Catching Up With Isabella Rossellini
By Noah Michelson
Throughout your life, you yourself have been sexualized as a model and an actress -- you've been called one of the world's greatest beauties. What are your thoughts on being objectified?
Women never really like it, you know. I was born one way, with a certain look that allowed me to be a model or even an actress and it was to all my advantage. It's incredible what a beautiful woman has in terms of power. [Female] models earn more than male models, which is an unusual situation because in most other situations the male earns more money. So I can't really complain. But on the other hand, we don't just want to be sexual objects, that's clear. But I think if I had to choose a period in history to be born in, I would choose this one. It has been the moment when women have been able to express themselves not only as sexual object -- that was a given from the beginning -- but also, look at me. I've been a model, I became an actress, I'm a writer, I'm making my film, I'm becoming a filmmaker. I don't know that this was allowed a few years ago, when I would have just stayed a beautiful woman. That was it and then they would say, 'She used to be beautiful. Life is tough.' Now, I can evolve. I think that's what this generation allows.
Speaking of evolution, as you've gotten older, how has your approach to sexuality changed? Do you look at it differently now than when you were in your 20s?
I look at it differently now because I was born in Italy, a Catholic country, where I grew up thinking you should be a virgin at marriage. And now if somebody says, 'I'm a virgin and I'm getting married,' I would be a little worried. Maybe she hasn't had enough experience, like, oh my God, how can she even say that word? How much you can change. I was born in a country where gays were looked as something that had to be re-educated. Maybe they weren't the most compassionate, they would look at it as a disease, and most radicals had to be thrown in jail. My cousin was gay and he was hiding it and not talking about it and by the time we were 40, I was going out with him and his gay friends. There was an enormous change in my generation. Finally, a feeling that my cousin -- he died, unfortunately -- that he was great and it was such a waste of time that he had suffered for so many years to keep this a secret. It's all for the better to be more open.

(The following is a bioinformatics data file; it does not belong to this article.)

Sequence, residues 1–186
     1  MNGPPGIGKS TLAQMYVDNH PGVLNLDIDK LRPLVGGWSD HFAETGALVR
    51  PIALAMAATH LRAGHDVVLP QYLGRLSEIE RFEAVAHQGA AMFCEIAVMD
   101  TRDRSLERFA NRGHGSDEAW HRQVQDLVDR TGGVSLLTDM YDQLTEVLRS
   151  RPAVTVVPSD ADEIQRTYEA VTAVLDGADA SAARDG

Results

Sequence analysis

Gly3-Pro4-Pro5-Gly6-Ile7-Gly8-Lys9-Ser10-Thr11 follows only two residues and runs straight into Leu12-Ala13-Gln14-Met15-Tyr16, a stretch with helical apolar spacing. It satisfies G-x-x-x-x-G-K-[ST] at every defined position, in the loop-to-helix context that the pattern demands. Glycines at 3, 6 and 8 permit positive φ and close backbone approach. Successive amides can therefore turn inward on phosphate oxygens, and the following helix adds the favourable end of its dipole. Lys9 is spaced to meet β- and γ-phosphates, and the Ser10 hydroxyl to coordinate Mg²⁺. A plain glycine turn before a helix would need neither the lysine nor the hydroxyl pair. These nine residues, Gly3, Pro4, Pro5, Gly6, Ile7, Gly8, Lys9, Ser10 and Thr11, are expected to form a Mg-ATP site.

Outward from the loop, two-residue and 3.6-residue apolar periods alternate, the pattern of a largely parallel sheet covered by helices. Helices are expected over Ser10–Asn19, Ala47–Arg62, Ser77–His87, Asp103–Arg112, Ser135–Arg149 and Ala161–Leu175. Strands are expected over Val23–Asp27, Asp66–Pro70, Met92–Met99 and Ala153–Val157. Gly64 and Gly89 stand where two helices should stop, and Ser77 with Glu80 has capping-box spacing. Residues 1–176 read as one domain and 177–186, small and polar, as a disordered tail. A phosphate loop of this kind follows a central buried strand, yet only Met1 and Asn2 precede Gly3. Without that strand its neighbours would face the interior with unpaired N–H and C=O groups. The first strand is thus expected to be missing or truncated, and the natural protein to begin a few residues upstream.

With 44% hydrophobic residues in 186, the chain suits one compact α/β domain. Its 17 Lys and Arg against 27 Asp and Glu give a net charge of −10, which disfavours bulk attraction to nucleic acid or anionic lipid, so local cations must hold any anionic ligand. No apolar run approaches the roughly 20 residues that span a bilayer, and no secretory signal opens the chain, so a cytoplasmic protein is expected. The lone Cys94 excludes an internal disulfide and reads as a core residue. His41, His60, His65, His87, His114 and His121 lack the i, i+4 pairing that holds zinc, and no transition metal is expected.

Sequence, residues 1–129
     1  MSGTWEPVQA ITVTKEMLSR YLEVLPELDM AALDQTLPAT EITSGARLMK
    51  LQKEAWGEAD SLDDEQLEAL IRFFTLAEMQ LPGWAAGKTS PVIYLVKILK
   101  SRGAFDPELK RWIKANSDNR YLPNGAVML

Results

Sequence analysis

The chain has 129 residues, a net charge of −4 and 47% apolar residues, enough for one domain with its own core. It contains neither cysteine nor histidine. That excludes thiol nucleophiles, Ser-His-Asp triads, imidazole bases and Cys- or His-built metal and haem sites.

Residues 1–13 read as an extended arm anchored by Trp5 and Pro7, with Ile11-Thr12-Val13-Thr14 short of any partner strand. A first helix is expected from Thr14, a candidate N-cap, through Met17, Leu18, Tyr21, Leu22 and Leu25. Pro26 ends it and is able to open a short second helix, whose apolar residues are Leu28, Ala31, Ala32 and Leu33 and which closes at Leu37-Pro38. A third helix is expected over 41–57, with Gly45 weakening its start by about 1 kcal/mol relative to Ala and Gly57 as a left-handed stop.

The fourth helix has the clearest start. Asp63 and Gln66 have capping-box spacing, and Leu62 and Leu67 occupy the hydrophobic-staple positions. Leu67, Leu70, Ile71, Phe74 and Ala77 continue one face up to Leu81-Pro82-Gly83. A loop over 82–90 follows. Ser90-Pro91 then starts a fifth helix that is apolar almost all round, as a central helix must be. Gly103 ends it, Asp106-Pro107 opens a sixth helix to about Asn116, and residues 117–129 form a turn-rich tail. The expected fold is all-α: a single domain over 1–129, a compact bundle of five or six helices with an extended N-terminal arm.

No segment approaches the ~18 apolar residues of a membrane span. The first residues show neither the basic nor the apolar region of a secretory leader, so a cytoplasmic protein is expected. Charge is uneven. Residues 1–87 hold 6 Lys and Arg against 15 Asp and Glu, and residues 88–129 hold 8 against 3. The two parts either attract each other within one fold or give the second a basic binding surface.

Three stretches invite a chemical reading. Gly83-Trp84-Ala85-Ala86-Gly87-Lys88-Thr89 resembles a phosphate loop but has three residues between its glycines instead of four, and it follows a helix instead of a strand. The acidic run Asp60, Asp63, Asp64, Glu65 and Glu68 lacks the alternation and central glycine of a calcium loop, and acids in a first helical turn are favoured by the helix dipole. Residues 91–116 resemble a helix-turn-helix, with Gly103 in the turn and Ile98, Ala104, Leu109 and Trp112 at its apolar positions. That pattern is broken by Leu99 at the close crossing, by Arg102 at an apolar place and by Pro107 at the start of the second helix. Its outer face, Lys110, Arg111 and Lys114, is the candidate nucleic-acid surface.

Lastly, I'd be a failure as a gay man if I didn't ask you about Madonna's Sex book. It's been almost 20 years since you were shot for it -- looking back, what do you think of the book now?
I was working a lot with the photographer Steven Meisel. I didn't know Madonna and Madonna had approached Steven to do a book about sex. And of course, sex is very interesting. Even me, when I'm making my own little films, I address how animals have sex. It's very interesting, sex. And Steven was tempted -- instead of doing a book about all his photos he did for Vogue and all the past photos as a r'sum' of his life -- to do something challenging. So I thought he had a point. Sex is interesting. But I don't think the book worked, even though the photos were extraordinary and some of them quite memorable. I think there was a little bit of a moralistic sort of "I'll teach you how to be free!" and that bothered the hell out of me. Because I think if you want to practice abstinence and that makes you happy, you are OK. If you want to be gay, that's OK. If you want to screw anything that moves, that's OK. It's funny to use the word moralistic for that book because people probably don't put those together, but it was a little bit of "I know better!" and didn't like that.
The new season of Green Porno: Seduce Me airs on Sundance Channel on December 8th at 8:00 p.m. EST and PST. The series is also available via Sundance Channel video-on-demand and at SundanceChannel.com/GreenPorno.